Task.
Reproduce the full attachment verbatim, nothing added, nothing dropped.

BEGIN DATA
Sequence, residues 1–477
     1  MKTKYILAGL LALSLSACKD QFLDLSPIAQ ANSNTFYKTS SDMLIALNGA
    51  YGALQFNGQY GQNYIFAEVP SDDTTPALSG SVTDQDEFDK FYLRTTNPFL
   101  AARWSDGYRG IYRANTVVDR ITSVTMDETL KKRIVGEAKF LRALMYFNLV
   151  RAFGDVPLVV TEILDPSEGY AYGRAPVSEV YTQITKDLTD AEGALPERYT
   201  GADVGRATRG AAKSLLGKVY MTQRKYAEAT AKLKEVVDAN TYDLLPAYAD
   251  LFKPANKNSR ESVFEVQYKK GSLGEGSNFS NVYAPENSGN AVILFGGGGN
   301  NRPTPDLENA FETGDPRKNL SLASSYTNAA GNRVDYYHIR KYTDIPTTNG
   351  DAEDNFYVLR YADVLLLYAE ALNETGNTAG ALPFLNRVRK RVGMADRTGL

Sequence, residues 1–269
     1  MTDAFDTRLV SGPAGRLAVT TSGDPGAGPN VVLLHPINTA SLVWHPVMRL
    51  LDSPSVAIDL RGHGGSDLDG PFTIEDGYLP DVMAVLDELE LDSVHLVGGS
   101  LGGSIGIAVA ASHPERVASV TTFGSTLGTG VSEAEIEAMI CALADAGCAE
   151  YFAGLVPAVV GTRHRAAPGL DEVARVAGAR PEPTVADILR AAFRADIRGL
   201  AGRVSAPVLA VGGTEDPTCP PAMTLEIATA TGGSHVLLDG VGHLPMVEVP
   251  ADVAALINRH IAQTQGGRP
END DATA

Sequence, residues 1–477
     1  MKTKYILAGL LALSLSACKD QFLDLSPIAQ ANSNTFYKTS SDMLIALNGA
    51  YGALQFNGQY GQNYIFAEVP SDDTTPALSG SVTDQDEFDK FYLRTTNPFL
   101  AARWSDGYRG IYRANTVVDR ITSVTMDETL KKRIVGEAKF LRALMYFNLV
   151  RAFGDVPLVV TEILDPSEGY AYGRAPVSEV YTQITKDLTD AEGALPERYT
   201  GADVGRATRG AAKSLLGKVY MTQRKYAEAT AKLKEVVDAN TYDLLPAYAD
   251  LFKPANKNSR ESVFEVQYKK GSLGEGSNFS NVYAPENSGN AVILFGGGGN
   301  NRPTPDLENA FETGDPRKNL SLASSYTNAA GNRVDYYHIR KYTDIPTTNG
   351  DAEDNFYVLR YADVLLLYAE ALNETGNTAG ALPFLNRVRK RVGMADRTGL

Sequence, residues 1–269
     1  MTDAFDTRLV SGPAGRLAVT TSGDPGAGPN VVLLHPINTA SLVWHPVMRL
    51  LDSPSVAIDL RGHGGSDLDG PFTIEDGYLP DVMAVLDELE LDSVHLVGGS
   101  LGGSIGIAVA ASHPERVASV TTFGSTLGTG VSEAEIEAMI CALADAGCAE
   151  YFAGLVPAVV GTRHRAAPGL DEVARVAGAR PEPTVADILR AAFRADIRGL
   201  AGRVSAPVLA VGGTEDPTCP PAMTLEIATA TGGSHVLLDG VGHLPMVEVP
   251  ADVAALINRH IAQTQGGRP